There’s no more demanding audience for any simulator than the people who do the job for real, and Giants has no shortage of farmers who get home from a long day and relax by playing
Instead, Giants creates longevity through a career mode and tries to convey the feel of reality without ever restricting players when it comes to real life’s more tedious elements. In particular, help with the latter comes from licensing, partnerships, and getting real-world vehicles into the sim, much as a racing game studio might court car makers. “With the partnership with most of those manufacturers, we get the CAD data in and can then create our realtime model and so on,” Ammann says. “Working directly with them is really helpful, with sound recordings and test machines and consulting on how their machines work. Ultimately, we’re not farmers here!” Neither Xbox One nor PS4 is changing how Giants approaches the task for the moment, with the consoles’ main benefit being that they allow the studio to offer parity with a decent PC, which means HD resolution and 60fps. The simulation certainly isn’t being dumbed down for the new audience, with the main difference being the control scheme. This is, of course, a challenge for Giants, though the bigger one by far is being the pathfinder for its genre as a whole – a genre that is always going to find it hard to go toe-to-toe with the many better-funded releases on the market.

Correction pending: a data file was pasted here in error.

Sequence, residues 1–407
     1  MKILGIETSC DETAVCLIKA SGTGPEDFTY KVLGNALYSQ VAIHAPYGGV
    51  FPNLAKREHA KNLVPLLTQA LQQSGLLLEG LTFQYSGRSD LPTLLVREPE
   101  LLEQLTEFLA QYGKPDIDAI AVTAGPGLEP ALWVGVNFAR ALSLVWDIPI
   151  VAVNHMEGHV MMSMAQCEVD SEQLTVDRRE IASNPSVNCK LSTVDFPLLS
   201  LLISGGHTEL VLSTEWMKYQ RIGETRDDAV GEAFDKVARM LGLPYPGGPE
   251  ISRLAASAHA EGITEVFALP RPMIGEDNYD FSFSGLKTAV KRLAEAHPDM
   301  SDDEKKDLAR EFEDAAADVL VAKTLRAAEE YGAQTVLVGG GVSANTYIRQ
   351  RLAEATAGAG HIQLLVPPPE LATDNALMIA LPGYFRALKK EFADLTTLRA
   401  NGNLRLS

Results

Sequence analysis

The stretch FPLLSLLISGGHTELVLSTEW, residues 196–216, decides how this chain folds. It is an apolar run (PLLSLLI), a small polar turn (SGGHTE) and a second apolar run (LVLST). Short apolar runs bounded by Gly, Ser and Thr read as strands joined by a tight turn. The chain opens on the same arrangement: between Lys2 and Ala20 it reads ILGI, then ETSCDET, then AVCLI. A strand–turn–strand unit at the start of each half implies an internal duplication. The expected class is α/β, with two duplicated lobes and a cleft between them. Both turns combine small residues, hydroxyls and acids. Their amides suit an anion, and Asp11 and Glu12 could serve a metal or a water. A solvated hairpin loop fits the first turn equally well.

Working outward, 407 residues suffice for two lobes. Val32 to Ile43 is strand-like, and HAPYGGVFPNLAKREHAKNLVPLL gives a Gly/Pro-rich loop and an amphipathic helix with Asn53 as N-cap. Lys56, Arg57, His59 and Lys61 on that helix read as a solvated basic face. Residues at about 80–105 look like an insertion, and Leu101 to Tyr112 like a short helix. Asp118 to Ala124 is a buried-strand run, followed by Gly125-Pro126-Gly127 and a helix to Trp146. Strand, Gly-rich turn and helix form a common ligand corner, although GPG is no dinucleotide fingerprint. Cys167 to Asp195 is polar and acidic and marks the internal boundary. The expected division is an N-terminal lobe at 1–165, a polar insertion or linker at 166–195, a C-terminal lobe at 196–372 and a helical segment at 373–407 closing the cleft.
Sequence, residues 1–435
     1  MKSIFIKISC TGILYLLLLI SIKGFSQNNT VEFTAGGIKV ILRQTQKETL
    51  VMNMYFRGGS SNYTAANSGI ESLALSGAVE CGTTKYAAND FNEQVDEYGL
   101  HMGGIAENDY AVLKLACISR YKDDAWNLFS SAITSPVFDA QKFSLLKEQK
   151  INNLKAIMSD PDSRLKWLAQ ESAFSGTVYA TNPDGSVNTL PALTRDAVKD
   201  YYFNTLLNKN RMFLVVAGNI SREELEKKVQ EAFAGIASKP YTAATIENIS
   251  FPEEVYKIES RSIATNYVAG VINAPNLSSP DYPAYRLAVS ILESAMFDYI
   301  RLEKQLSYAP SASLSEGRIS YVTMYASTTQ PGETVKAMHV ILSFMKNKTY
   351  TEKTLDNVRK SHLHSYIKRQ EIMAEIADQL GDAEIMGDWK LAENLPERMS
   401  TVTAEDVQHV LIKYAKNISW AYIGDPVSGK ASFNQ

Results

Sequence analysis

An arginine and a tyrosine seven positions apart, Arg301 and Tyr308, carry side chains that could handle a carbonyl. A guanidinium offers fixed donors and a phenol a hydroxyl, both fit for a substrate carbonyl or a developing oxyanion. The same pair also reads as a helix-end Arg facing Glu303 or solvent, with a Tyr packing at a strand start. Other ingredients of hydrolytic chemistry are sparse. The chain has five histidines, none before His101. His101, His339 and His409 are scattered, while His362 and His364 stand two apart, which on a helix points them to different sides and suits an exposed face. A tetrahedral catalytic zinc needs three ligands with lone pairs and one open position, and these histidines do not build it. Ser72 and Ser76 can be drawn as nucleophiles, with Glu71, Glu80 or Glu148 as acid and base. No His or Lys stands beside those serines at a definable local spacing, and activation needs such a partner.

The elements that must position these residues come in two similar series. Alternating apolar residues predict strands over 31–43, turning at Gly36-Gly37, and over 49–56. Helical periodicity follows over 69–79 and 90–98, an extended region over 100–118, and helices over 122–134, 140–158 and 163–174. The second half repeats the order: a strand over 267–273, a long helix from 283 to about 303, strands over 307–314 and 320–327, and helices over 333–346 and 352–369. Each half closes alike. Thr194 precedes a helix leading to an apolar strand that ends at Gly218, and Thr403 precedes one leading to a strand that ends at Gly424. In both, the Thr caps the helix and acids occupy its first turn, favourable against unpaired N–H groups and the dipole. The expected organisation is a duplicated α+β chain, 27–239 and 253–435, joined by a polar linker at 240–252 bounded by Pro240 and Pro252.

“Those triple-A products have 50 times the budget and the marketing, but in the end we don’t have to compete. We have our own dimension, like Minecraft has,” Ammann says, shrugging off questions of whether an audience is ready and waiting. “I think that is more a problem for gaming journalists than people out there – a lot don’t understand the game and so ask why people are playing it. If you’re interested in the topic, you’re interested in the game.”